I’m fascinated by tales of devotion to others, or risking all for a cause or a loved one, which inspires much of my fiction. Dr. Edward O. Wilson has made a career out of studying that mysterious, burning force that drives heroes and martyrs of all shapes and sizes — and species.
Wilson was born in Birmingham, Alabama. He’s a bug man. That’s what he calls himself. But he’s not an exterminator. He’s a scientist who studies bugs. Dr. Wilson is a Harvard professor who founded the study of sociobiology, which focuses on the biological basis of behavior. Wilson wanted to explain altruism, that is, the sacrifice of oneself for others. Why do soldier ants fight and die for their colony? Why do parents risk their lives for their children? Why do warriors risk their lives for their tribe? Wilson’s research has influenced not only the fields of biology and ecology, but also psychology, sociology, and political theory.
In Naturalist, Wilson’s autobiography, he confesses that his scientific study of altruism is spurred by deep emotional reactions to unexpected displays of valor:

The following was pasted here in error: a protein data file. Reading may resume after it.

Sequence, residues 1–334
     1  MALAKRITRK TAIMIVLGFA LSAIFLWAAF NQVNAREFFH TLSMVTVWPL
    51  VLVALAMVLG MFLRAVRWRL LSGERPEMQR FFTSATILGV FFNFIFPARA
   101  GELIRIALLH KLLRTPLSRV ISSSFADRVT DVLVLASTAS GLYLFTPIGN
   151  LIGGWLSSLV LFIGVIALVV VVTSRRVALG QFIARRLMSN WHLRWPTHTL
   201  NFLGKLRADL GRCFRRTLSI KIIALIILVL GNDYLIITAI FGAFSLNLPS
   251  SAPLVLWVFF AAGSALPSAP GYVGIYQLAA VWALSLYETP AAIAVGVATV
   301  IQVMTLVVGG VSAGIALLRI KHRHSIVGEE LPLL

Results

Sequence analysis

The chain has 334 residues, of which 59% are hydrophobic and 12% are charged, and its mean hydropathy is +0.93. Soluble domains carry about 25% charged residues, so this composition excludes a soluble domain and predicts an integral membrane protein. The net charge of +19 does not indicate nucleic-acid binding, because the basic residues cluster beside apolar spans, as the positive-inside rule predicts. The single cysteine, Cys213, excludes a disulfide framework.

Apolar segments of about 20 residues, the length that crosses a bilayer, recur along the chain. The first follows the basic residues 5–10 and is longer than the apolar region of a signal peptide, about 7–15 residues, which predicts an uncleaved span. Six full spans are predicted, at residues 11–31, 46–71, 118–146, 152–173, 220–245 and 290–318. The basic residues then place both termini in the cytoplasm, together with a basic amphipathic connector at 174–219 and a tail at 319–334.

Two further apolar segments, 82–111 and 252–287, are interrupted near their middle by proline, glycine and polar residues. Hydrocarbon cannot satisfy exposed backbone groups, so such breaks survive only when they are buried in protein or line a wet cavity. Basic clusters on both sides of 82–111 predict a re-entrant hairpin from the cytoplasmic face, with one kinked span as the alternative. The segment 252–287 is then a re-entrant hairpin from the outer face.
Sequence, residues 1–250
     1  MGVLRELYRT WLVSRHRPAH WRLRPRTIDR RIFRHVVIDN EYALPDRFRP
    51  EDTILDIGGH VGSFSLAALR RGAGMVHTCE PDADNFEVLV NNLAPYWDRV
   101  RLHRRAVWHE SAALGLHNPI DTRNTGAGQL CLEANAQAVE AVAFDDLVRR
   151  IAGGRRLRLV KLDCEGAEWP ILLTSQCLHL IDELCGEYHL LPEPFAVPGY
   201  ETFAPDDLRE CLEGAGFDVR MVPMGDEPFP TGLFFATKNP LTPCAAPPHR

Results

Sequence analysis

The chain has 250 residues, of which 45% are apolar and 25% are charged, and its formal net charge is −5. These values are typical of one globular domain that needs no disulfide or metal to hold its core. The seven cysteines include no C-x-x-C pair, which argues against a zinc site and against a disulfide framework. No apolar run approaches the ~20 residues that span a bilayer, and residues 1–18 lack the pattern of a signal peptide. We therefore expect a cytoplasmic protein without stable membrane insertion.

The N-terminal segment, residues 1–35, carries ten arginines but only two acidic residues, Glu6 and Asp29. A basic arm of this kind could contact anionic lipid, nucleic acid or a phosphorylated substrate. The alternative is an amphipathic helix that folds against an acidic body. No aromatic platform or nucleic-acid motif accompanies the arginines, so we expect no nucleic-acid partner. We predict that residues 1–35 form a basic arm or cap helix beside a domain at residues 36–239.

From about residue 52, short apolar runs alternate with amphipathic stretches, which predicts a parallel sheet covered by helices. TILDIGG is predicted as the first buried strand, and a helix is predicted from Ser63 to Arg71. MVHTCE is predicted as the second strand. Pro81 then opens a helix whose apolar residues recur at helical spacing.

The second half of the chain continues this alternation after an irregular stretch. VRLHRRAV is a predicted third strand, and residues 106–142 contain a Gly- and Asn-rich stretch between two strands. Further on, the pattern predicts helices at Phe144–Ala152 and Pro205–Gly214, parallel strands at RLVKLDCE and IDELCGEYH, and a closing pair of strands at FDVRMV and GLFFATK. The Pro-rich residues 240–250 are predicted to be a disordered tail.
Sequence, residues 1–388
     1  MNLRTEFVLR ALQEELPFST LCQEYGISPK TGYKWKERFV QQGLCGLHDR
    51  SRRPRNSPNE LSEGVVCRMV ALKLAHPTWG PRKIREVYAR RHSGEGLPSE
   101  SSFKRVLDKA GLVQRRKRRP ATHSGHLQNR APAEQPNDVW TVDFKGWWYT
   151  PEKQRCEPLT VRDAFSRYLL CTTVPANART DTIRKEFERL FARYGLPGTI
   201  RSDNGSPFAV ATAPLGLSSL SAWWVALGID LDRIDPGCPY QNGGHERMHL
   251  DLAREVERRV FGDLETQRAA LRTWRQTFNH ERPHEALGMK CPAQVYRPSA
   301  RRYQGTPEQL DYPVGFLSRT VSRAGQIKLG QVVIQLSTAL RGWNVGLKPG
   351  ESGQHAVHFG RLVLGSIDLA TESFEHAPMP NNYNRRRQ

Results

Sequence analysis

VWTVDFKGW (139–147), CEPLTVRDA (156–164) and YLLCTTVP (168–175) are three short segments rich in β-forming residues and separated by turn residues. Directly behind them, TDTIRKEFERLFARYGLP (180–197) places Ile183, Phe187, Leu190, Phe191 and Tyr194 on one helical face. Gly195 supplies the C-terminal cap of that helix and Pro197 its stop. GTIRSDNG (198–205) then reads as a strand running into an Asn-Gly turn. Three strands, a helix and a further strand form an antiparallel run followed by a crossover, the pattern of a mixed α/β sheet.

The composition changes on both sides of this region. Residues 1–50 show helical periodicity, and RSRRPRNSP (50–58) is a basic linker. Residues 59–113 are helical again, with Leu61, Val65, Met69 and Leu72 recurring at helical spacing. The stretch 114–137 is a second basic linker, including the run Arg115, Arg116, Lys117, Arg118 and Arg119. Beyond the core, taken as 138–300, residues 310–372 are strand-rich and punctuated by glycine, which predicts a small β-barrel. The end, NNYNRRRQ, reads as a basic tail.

I have a special regard for altruism and devotion to duty, believing them virtues that exist independent of approval and validation. I am stirred by accounts of soldiers, policemen, and firemen who have died in the line of duty. I can be brought to tears with embarrassing quickness by the solemn ceremonies honoring those heroes. The sight of Iwo Jima and Vietnam Memorials pierces me for the witness they bear of men who gave so much, and who expected so little in life, and the strength ordinary people possess that held civilization together in dangerous times. (p. 25)
I will confess to the same. My eyes stubbornly go misty when I watch Saving Private Ryan. Same with 300. Heck, even Bruce Willis puts me to tears every time I see the scene in Armageddon when he realizes he must sacrifice himself to save the human race.
Anyway, here’s to the real heroes. God bless, fellas.